Lessons from being passionate about testing:

Every passionate tester, wants to become one of the best testers in the world and he does enjoy a lot learning things in testing. Also, as a passionate tester, I have a fear that I may not become one such, if I do not work hard. So a passionate tester, is a person, who enjoys learning testing and fears that he may not become one such if he does not work harder than what he is working.

I fear a lot, hence I work hard. Simple!

I read many articles in testing, and try to evaluate it. I always want to experiment, ( which is a quality of a passionate tester) before I believe something that I read.

One such experiment is with Cem Kaner's Article : Interviewing Software Testing Candidates ( A right click and open would be better :D )

After going through the article by Cem Kaner, apart from me falling in love with his thinking, I did experiment it in some interviews I conducted and also in some interviews, where I was a candidate to believe his thinking and writing.

Similarly, to believe my writing too, you should experiment and not go by the fancy associated with it.

Note : No one guided me to that page of Cem Kaner, I did search it on the web. If Google is your best friend, then you have a friend who can make you the best tester in the world.

So let us summarize -

  1. You need to find someone, who can mentor you. ( If you find a wrong person, you are screwed up further)
  2. You need to become your own mentor after sometime.
  3. You need to read a lot of articles, books and experiment with it, carefully.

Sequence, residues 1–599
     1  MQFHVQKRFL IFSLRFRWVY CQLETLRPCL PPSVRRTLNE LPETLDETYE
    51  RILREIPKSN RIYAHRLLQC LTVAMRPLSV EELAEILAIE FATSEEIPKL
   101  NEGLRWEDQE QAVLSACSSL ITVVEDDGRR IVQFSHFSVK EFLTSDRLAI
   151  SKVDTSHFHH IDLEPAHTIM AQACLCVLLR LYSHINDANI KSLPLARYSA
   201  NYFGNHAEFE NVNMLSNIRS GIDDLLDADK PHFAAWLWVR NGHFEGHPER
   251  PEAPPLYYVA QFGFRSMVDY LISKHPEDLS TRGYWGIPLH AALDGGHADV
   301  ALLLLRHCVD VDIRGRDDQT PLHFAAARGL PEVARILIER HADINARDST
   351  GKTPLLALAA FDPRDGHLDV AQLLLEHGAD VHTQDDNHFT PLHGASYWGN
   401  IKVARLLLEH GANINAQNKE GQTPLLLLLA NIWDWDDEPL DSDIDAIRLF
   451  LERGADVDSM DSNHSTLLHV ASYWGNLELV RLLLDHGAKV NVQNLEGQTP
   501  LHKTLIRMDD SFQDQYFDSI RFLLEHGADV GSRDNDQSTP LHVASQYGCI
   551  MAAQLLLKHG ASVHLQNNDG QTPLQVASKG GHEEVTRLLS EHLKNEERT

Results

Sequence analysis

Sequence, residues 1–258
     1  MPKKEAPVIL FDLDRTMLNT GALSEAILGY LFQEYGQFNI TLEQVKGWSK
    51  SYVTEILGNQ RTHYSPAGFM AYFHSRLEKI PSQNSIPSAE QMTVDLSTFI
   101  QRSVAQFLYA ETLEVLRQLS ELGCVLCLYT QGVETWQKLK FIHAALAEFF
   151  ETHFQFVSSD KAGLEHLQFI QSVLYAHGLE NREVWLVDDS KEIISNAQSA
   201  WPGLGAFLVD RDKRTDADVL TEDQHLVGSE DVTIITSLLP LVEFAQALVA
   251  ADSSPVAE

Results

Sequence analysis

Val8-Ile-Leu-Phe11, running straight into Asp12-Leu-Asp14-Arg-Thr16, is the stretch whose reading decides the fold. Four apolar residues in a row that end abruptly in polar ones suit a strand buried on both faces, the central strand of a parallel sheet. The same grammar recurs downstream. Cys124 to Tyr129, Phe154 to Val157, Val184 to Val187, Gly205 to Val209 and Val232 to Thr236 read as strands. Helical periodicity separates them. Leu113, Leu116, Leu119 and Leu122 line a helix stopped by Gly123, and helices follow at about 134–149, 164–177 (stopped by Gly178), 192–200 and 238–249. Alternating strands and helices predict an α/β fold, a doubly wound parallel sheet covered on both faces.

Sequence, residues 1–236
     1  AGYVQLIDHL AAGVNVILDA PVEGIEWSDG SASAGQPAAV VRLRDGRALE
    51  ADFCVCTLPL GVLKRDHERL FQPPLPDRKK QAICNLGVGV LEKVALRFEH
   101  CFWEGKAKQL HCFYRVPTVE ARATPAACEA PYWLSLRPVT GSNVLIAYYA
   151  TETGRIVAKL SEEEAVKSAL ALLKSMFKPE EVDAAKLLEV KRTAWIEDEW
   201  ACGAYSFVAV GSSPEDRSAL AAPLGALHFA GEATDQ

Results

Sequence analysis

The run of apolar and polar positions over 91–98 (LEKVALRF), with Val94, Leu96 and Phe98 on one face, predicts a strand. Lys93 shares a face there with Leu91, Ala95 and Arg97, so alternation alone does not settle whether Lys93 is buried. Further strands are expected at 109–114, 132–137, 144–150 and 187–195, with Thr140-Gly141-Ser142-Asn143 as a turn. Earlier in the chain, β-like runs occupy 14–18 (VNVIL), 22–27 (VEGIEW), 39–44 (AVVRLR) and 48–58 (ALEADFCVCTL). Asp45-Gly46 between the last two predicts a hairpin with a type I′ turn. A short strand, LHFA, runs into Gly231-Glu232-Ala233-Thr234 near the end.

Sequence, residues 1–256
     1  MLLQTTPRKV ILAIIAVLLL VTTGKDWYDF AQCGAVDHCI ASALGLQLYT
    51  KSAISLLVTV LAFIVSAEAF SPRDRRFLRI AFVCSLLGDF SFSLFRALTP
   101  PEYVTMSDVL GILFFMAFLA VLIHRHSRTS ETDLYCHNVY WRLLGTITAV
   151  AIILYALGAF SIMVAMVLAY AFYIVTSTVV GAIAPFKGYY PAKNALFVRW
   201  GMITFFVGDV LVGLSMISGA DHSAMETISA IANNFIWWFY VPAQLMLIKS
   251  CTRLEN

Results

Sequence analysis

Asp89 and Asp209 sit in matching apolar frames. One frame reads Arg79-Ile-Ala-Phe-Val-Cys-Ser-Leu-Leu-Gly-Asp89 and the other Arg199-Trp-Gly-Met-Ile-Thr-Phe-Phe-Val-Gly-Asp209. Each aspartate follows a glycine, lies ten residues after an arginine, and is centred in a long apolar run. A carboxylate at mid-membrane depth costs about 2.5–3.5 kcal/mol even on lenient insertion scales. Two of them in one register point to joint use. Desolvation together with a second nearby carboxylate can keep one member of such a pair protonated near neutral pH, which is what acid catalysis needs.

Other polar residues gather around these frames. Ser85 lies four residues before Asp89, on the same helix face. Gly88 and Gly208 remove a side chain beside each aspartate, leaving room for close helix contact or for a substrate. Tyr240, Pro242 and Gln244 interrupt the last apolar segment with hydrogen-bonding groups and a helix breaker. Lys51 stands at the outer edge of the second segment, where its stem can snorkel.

4. You need to write your own articles, it could even be information about your mistakes in the past, yet, helping the community in making new mistakes.
  5. You need to crave for more and redefine your goals. ( not reducing the road length to reach the goal)
  6. Compare yourself, when it comes to work and skills and say yourself "Being naive, I could get to this point in one year, now I should get to the next point in 3 months or less".
  7. Self proclaim yourself as a "good tester" and work very hard to prove it, each time.
  8. Never get carried away when someone appreciates your work, feel unlucky when people do that.

_End of _Self critique your testing skills_

"A passionate tester, never knows, he has become a good tester. He keeps learning as though there is lots pending"

Thanks and Regards,

Pradeep Soundararajan


Tuesday, August 15, 2006

The first customer is always a tester

Hi Reader,

How many developers do realize, it is a Tester, who acts as a customer, when an internal release is taken for testing?

How many testers realize that they need to help the developers after rejecting a build for testing?

Are the above questions essential for you?

While you try to answer the above questions, I would want to help you with some gyaan**, I got, either through someone or through mistakes.

_ The first customer is always a tester _

I have had an experience of rejecting a few releases that were made to me for testing, before releasing it directly to the customer. Yes, I did my job well, so did I reject the release.

Sometimes, it so happens, you have to wait for your managers approval to reject a release and there is nothing wrong in it, since, we are not in those loops, which has the discussions of business needs and customer dissatisfaction.